Zak's research, which has received funding from the U.S. Department of Defense and Intelligence community, produced a set of findings that eventually formed into Immersion's commercial product. He found that oxytocin, a molecule produced in mammals, strongly correlates with emotional resonance, and he figured out how to measure oxytocin levels and attention non-invasively. Immersion's sensors — and, as of this week, other sensors like the Apple Watch or Fitbit Versa — can capture that data, then upload it into Immersion's software, which displays people's neurologic responses in a way that is designed to allow users like Gerard to get insight about their content "without having to have a PhD in data science," Zak said.
At Accenture, Gerard estimates that he's used Immersion for hundreds of classes and thousands of trainees since signing up for the subscription service. The program has helped to reveal which parts of trainings are engaging and should be expanded, and which parts are snoozers and need to be improved. Gerard has also experimented with using Immersion for sales training workshops, wherein two employees role-play a sales pitch while the one playing the customer wears a sensor that monitors her reactions and displays them to the class in real time.
An Immersion readout
Brown and Zak said Immersion has also been designed to enable clients to predict future behavior. In fact, they claim, because it relies on brain measurement rather than what people say, Immersion can understand audience response and intent better than audiences understand themselves.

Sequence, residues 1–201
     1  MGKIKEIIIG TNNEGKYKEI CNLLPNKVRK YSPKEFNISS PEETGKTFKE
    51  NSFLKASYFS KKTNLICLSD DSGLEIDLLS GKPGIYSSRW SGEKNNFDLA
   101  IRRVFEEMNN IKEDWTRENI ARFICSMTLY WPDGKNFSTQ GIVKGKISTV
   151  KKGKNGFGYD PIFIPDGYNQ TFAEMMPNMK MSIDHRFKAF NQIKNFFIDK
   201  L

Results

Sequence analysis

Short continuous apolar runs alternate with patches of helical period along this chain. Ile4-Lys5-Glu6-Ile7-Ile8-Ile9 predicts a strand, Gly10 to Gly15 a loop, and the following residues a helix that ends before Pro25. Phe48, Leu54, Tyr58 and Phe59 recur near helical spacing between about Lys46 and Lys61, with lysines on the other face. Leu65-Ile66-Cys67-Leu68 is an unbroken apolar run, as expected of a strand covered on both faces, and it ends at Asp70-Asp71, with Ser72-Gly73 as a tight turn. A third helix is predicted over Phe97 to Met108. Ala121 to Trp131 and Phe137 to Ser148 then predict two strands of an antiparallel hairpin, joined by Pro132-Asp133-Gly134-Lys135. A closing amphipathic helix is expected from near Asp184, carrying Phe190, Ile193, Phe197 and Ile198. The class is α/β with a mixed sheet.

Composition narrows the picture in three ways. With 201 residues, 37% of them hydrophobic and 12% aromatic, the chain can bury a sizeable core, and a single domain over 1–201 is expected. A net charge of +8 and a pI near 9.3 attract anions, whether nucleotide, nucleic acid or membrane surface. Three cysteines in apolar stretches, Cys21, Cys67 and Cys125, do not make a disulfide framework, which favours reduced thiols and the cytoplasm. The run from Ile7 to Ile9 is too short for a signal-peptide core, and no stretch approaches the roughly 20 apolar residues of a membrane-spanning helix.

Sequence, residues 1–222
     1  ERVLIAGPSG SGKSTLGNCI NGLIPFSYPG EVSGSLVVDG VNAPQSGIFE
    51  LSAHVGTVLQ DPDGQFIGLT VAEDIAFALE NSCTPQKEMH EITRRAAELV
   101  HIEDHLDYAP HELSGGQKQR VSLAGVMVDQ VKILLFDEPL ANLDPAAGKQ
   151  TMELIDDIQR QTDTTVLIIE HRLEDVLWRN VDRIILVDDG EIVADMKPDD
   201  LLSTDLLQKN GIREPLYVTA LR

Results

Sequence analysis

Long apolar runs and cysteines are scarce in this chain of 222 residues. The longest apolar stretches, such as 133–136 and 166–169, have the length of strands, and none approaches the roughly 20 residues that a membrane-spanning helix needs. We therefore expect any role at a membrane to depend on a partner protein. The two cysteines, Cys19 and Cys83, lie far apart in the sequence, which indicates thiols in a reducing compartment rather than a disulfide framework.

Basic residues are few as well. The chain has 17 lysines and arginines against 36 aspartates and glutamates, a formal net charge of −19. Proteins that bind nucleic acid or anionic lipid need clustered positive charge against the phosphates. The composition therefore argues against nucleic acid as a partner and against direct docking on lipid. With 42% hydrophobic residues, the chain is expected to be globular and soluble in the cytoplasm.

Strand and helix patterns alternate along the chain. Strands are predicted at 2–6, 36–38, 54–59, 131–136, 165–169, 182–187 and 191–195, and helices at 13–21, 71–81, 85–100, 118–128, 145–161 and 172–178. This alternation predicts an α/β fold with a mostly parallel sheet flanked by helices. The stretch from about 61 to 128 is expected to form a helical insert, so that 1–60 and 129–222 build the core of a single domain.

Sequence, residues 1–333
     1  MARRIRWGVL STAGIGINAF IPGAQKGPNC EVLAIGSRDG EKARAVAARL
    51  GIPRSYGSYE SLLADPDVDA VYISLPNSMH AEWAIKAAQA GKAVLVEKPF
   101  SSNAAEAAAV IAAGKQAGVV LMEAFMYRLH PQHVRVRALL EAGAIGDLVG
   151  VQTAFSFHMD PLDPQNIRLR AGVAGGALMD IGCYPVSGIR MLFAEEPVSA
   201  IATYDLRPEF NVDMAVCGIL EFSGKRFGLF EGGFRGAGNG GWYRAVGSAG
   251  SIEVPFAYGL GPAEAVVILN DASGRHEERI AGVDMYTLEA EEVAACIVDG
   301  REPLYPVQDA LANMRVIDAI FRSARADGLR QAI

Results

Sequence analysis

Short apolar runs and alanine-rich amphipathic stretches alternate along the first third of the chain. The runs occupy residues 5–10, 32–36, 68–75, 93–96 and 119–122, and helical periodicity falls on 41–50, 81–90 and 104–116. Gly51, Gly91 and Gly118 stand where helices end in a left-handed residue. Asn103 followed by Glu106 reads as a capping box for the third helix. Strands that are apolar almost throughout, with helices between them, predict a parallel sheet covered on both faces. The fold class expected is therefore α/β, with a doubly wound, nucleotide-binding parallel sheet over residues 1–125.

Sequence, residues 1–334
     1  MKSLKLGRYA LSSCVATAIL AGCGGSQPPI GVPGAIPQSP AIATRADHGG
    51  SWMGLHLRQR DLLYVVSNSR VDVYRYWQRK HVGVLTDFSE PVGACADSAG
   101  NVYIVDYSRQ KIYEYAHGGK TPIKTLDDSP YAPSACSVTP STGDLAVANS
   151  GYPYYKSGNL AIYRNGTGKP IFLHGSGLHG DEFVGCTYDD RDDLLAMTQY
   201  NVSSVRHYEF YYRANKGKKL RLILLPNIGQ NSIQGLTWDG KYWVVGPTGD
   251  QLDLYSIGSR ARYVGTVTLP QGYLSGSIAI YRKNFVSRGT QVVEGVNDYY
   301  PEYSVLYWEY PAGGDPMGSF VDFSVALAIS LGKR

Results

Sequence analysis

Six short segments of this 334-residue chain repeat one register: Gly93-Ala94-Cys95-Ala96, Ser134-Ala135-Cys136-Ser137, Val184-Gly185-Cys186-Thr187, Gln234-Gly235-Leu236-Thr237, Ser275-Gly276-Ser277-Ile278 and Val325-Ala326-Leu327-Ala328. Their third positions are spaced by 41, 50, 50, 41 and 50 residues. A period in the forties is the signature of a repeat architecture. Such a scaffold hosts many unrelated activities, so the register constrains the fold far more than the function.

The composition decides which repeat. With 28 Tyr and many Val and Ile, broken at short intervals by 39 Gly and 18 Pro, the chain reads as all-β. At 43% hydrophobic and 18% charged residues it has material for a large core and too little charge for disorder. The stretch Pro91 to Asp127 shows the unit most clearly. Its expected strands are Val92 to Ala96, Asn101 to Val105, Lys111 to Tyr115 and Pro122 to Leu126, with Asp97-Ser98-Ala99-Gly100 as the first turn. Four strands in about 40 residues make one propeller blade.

When someone's levels of emotional resonance and attention are high, Zak explained, the brain "tags" those moments as "more relevant." These moments become "more easily recalled, and therefore more likely to be acted upon," Zak said. That is, the more that one is "immersed" in the content, the more likely they are to, say, watch the film (ie, if the piece of content is a trailer) or buy the product (if it's an ad). Immersion can also, Brown said, predict whether a piece of content will be a hit. Based on numerous studies, including with big companies like Facebook, Paramount and Warner, Immersion claims predictive accuracy of over 80%.
One hurdle that Immersion faces to growing is skepticism about a "big brother" omniscience about people's "true" feelings. Zak emphasized, however, that users must opt in to having their brain activity tracked, and that clients decide how much data to collect. Accenture, for example, chooses not to gather any personally identifiable information, Gerard said. Zak also suggested to dot.LA that being able to identify specific individuals who were highly immersed could be beneficial, as those people could be used as evangelists or for peer support.
The coronavirus pandemic is not exactly well timed for the company that according to Zak is "just now taking the lid off" and doesn't have a full-time marketing team, but the founder is confident his company will survive. While some clients, including a major studio and a large appliance-maker, have had to put their subscriptions or negotiations on hold, interest is perking up elsewhere. As companies and society experiment with distributed work, Zak is hopeful that his distributed neuroscience firm – subjects need not congregate in the same room – can fill a void. He's in talks with several potential new clients that are working from home at a distance.
"You want to test content and see what the brain's responding to?" Zak asked. "Right now, we're the only game in town."
Sam Blake covers media and entertainment for dot.LA. Find him on Twitter @hisamblake and email him at samblake@dot.LA